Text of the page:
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By choosing Wisconsin Rep. Paul Ryan to be his running mate, presumptive GOP presidential nominee Mitt Romney put Medicare on the table as a major 2012 campaign issue.
Ryan, who has served as House Budget Committee chairman since the Republicans took control of the House of Representatives in 2011, has advanced plans to control federal spending by restructuring Medicare, the health insurance program for the elderly, Medicaid, the federal-state health insurance program for low-income and disabled people, and other entitlement programs.
But during his seven terms in Congress, Ryan has amassed a portfolio of health policy positions beyond these plans, which have won him widespread support from Republicans and equally widespread denunciations from Democrats. Kaiser Health News has assembled this resource to show how these positions have taken shape.
On reform philosophy, Ryan:
- Supports repeal of much of the 2010 health law, including the Independent Payment Advisory Board, Medicaid expansion, subsidies and the individual mandate. However, his House-passed budget plan included many of the Medicare trims that are now hot-button items in the campaign. Ryan has said that those Medicare cuts, totaling $716 billion, are included in his budget because they are part of the budgetary baseline.
- Throughout his career and most recently in the Roadmap for America’s Future, supported market-based reforms such as interstate insurance purchasing and the creation of association health plans, as well as efforts to decouple health coverage from the workplace, including removing tax incentives for employer-sponsored insurance and providing tax credits to individuals to purchase their own insurance.
- Backed a 2009 proposal – the Patients’ Choice Act – which emphasized proposals such as health promotion and disease prevention and included, among other provisions, state-based health exchanges, protections against pre-existing condition exclusions as well as insurance denials based on age or health status, and expanded health savings accounts.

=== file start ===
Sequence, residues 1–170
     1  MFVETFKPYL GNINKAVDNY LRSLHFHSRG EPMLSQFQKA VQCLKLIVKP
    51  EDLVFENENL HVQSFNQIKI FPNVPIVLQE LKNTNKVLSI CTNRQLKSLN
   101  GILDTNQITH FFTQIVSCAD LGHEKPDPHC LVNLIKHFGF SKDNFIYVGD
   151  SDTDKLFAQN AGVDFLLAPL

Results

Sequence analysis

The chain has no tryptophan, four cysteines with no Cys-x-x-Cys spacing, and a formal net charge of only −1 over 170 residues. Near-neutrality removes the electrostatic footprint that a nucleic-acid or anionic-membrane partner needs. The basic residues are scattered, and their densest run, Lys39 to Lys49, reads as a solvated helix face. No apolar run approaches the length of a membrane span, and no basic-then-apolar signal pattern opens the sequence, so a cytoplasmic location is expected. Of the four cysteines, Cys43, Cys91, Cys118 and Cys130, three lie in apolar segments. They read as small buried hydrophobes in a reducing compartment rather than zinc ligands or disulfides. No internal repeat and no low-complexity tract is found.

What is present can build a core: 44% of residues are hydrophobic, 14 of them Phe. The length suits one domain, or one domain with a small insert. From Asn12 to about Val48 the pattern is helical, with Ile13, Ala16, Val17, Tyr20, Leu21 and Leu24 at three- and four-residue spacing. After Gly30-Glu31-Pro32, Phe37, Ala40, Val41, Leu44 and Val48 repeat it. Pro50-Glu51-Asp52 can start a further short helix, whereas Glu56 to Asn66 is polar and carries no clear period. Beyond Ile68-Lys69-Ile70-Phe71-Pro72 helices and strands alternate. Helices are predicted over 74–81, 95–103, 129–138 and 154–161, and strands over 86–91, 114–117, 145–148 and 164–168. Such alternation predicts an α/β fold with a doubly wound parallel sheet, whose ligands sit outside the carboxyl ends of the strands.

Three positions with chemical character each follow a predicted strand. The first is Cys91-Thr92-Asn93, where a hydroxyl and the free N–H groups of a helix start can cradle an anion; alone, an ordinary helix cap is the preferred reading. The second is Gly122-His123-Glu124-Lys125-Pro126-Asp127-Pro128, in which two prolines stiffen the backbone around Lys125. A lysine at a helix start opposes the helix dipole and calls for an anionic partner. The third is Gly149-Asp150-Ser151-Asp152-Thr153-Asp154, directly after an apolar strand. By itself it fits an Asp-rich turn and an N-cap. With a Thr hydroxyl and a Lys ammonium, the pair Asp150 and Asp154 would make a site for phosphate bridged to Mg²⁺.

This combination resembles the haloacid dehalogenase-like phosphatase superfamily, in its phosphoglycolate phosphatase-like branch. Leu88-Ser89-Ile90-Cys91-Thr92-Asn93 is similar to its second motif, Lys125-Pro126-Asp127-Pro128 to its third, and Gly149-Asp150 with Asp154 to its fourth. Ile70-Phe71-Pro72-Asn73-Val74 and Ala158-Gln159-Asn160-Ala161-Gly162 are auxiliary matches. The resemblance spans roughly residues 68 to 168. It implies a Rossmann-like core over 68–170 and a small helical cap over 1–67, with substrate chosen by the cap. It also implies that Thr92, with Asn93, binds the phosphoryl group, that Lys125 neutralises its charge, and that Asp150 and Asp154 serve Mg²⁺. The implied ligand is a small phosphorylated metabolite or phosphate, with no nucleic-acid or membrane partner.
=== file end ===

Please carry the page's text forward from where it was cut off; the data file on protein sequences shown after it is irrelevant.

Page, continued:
In the health care marketplace, Ryan:
- Supports medical liability reforms that cap non-economic damages and assisting states in establishing "solutions to medical tort litigation."
- Consistently supported proposals to allow the reimportation of prescription drugs.
On Medicare and aging, Ryan:
- Proposed revamping Medicare to, among other things, change it from a defined benefit to a premium-support program. Starting in 2023, Ryan’s budget would give future Medicare beneficiaries (those currently younger than 55) a set amount – a voucher -- to purchase either a private health plan or the traditional government-administered program. His proposal also would increase the eligibility age from 65 to 67.
- In 2011, teamed up with Sen. Ron Wyden, D-Ore., for Medicare overhaul plan: Guaranteed Choices To Strengthen Medicare And Health Security For All.
- In 2003, voted in favor of Medicare Part D (Medicare Prescription Drug and Modernization Act of
On Medicaid, Ryan:
- Backs the idea of replacing current Medicaid program with a block grant plan in which states would receive a set amount of money to use for Medicaid programs.
- Opposed various expansions of the Children’s Health Insurance Program, arguing that the proposals expanded “bureaucracy-driven health care” and increased entitlement spending.
On abortion and contraception issues, Ryan:
- Opposed abortion rights provisions in an estimated 59 votes during his tenure in the House of Representatives – both on legislative proposals and procedural motions. He’s a member of the House Pro-Life Caucus and has a 100 percent rating from the National Right to Life Committee. He opposes all abortions, even in the cases of rape or incest, unless the mother’s life is at stake.
- Voted for an amendment to the 2011 continuing resolution that would have stopped federal support for Planned Parenthood.
This article was reprinted from kaiserhealthnews.org with permission from the Henry J. Kaiser Family Foundation. Kaiser Health News, an editorially independent news service, is a program of the Kaiser Family Foundation, a nonpartisan health care policy research organization unaffiliated with Kaiser Permanente.